• By Kevin Mount
  • Posted on Wednesday 04th February, 2009

Triple P evidence supports radical rethink on child protection

Most countries have systems for detecting and dealing with concerns about child abuse. Anyone worried that a child may be being harmed can alert a social worker who will judge the best response. It can be anything from deciding that no action is needed to invoking legal powers to remove a child to safer care.It sounds sensible enough. But the benefits will always be limited. There is more child abuse in any community than most people recognize, and many cases of neglectful and even violent parenting go unreported.The upshot is that maltreatment continues to be dealt with in the main retrospectively by child protection services, often when families are at crisis point. Opportunities to prevent child abuse or to intervene early are lost.In the UK, the argument for the preventive benefits of family and parenting support began to be put strongly in the early-1990s following an extensive examination of the prevalence and incidence of child abuse sexual, emotional and physical. That research found much to support the case for broad strategies to meet the needs of the whole population. Where parenting was inadequate or ordinary needs were generally neglected, abusive relationships were more likely to erupt.For two decades, every isolated child death and practice misadventure has tested the nerve and confidence of policy makers otherwise convinced by the parent support argument. Up to now, hard evidence that such approaches can be effective, affordable and successfully delivered to the general population has been in short supply.Hence the significance of work just published by Ronald Prinz and colleagues at the University of South Carolina. Previous studies have shown reductions in children?s social, emotional and behavioral problems. Theirs has been the first large-scale experimental trial to show that providing all families, not just those in crisis, with access to parenting information and support, reduces rates of child maltreatment across entire communities. Prinz and his team based their study on Triple P Positive Parenting Program developed over a period of 25 years by Matthew Sanders and colleagues at the University of Queensland, Australia. [See: Accentuating the positives with a Triple PTriple P is in the process of being piloted in the UK, and Sanders is in Birmingham this week to advise and encourage staff who are translating the program to the realities of everyday life in Britains second city.Funded by the Centers for Disease Control and Prevention the work in South Carolina was on a similarly big scale, targeting all 85,000 families with children under eight living in nine counties, and at the same running a randomized controlled trial involving nine more. To achieve this degree of coverage, they trained just under 700 people in one or more aspects of the program. These were existing staff in schools, health centers, social services, preschools and other settings where people were in direct contact with parents. As well as providing structured individual and group-based help, much effort went into media and communication campaigns. By the end of the first two years, 26,000 newsletters had been sent to parents, 185 press releases had been issued and 37 public service radio announcements had been made.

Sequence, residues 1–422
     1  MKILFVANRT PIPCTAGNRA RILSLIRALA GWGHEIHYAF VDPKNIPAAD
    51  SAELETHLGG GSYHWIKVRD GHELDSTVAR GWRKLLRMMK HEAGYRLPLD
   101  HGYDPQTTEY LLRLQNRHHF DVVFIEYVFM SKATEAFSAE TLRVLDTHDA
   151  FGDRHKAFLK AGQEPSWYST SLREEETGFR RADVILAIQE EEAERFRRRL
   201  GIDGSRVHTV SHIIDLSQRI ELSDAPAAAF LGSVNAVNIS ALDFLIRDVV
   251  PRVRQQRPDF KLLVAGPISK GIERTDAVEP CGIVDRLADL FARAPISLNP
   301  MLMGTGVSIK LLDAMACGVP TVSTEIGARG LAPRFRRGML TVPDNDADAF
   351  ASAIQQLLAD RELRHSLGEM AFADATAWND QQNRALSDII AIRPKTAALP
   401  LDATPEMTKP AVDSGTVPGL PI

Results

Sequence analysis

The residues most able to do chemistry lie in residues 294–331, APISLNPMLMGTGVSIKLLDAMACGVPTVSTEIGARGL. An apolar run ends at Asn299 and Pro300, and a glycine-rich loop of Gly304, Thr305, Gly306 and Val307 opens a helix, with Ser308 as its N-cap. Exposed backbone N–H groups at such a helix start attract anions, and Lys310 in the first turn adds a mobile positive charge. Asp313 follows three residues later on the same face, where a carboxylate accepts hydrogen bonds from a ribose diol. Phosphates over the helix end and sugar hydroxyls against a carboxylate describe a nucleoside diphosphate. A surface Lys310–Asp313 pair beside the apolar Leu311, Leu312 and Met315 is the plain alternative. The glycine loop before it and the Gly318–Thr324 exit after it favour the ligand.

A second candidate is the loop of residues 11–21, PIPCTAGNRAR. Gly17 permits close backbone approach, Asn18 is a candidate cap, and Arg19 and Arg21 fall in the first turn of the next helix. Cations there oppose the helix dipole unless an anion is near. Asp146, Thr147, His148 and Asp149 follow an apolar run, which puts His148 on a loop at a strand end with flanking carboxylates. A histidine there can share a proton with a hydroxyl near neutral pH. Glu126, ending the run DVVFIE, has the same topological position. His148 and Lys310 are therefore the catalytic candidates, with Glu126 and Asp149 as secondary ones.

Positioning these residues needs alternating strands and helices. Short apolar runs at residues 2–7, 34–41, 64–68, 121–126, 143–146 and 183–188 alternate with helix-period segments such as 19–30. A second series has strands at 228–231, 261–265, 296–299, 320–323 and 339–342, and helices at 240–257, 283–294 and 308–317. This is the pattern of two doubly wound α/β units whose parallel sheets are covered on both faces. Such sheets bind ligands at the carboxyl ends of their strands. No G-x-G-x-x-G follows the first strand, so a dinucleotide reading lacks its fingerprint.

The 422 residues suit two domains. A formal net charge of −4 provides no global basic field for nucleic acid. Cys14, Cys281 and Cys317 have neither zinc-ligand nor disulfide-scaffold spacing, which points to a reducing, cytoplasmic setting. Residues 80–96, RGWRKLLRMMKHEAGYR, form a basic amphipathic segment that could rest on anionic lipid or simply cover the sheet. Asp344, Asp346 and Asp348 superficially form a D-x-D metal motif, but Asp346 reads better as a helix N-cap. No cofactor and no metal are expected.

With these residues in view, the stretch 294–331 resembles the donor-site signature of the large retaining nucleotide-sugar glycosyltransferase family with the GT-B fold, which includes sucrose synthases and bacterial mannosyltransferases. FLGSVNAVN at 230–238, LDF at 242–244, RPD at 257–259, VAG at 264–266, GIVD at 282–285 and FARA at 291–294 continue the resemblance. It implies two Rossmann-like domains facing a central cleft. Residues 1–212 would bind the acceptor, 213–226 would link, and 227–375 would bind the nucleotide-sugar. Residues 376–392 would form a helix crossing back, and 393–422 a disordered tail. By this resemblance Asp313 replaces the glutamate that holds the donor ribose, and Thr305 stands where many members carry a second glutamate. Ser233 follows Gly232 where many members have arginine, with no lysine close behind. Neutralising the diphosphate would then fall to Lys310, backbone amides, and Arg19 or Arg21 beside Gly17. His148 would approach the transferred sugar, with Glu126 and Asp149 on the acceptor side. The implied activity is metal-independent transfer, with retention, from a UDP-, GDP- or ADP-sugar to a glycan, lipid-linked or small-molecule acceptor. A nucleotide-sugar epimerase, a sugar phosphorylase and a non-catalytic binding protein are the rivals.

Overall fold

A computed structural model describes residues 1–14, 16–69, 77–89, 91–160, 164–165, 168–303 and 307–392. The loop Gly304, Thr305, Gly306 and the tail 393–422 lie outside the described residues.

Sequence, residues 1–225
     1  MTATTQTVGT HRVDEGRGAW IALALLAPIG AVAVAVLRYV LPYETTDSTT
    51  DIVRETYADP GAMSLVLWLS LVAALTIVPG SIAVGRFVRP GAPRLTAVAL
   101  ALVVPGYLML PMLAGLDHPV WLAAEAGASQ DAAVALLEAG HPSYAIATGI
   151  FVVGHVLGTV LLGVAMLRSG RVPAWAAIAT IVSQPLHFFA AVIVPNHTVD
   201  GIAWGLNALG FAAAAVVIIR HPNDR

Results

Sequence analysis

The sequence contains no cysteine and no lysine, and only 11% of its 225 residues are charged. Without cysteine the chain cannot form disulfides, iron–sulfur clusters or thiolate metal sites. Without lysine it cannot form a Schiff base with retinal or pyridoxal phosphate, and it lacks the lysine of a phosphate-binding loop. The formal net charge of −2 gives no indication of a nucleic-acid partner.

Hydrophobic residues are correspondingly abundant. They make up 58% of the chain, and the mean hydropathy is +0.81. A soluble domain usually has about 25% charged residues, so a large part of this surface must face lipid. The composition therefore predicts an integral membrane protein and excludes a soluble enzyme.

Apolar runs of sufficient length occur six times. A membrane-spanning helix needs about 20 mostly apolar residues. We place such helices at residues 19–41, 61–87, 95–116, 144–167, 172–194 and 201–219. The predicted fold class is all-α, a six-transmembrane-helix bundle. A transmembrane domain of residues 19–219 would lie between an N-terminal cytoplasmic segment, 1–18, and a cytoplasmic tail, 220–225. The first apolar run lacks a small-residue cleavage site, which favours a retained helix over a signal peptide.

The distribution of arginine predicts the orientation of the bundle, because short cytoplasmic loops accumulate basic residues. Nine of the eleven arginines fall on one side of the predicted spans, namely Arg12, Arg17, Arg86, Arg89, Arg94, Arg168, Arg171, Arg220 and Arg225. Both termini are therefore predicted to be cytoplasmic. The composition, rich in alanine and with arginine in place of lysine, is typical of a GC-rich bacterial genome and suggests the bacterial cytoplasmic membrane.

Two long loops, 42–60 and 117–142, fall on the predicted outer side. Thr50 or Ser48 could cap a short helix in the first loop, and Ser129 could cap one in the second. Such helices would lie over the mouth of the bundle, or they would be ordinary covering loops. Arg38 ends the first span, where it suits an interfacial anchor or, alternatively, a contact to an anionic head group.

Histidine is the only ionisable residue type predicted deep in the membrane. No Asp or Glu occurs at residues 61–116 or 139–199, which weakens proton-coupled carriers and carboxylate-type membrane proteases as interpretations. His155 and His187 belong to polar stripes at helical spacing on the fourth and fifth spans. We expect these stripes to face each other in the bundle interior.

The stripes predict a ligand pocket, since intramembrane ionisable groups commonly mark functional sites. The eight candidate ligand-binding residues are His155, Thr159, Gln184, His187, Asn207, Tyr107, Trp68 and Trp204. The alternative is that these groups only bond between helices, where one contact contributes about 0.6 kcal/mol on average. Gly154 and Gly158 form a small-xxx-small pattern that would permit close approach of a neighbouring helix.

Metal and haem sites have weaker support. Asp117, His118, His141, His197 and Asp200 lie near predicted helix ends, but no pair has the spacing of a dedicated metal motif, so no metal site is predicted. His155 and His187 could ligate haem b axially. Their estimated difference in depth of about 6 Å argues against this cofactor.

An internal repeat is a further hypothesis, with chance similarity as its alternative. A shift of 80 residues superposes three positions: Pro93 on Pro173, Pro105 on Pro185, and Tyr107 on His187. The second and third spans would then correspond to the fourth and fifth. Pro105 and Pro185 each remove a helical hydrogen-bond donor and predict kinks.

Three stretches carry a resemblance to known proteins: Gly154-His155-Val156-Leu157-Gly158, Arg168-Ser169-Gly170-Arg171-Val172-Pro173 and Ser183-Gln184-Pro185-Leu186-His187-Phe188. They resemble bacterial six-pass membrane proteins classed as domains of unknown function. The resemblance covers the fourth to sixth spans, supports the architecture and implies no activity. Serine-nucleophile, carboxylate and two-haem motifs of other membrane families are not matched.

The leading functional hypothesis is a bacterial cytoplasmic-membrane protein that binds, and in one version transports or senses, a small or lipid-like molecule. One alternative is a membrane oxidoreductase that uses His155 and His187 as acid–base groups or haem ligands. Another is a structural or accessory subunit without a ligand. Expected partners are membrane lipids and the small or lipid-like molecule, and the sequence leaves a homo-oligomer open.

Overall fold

The first in a long line of population studies?

Researchers found that just under one in five (17%) families had heard of Triple P by the end of the trial. Estimates from service providers suggested that one in ten families had received some level of Triple P help. To establish the level of benefit, the team monitored three aspects of the hard end of the system substantiated cases of child maltreatment, receipt into out-of-home care and visits to emergency rooms. On all three measures, the Triple P counties did significantly better than those in the control group. The research team suggest that the impact was equivalent to reducing cases of substantiated child maltreatment by 688 and reducing out of home placements by 240 in a population of 100,000.Preliminary estimates from Prinz and colleagues put the annual cost of the communication strategy at approximately $1 per child in the population, which at first glance seems expensive. However, they argue that the costs of running parenting programs population-wide would be recovered by the reductions in abuse and neglect and the smaller need for expensive intrusive interventions such as out-of-home care.The researchers say: This trial should be viewed as the beginning of a line of population research in the prevention of child maltreatment, from which we can expect to learn much over the next several years enough, they imply, to give policy makers the confidence to think differently about child protection.[For more information on the Triple P Positive Parenting Program, visit Triple P; for more about the South Carolina study, see Population-Based Prevention of Child Maltreatment: The US Triple P System Population Trial]

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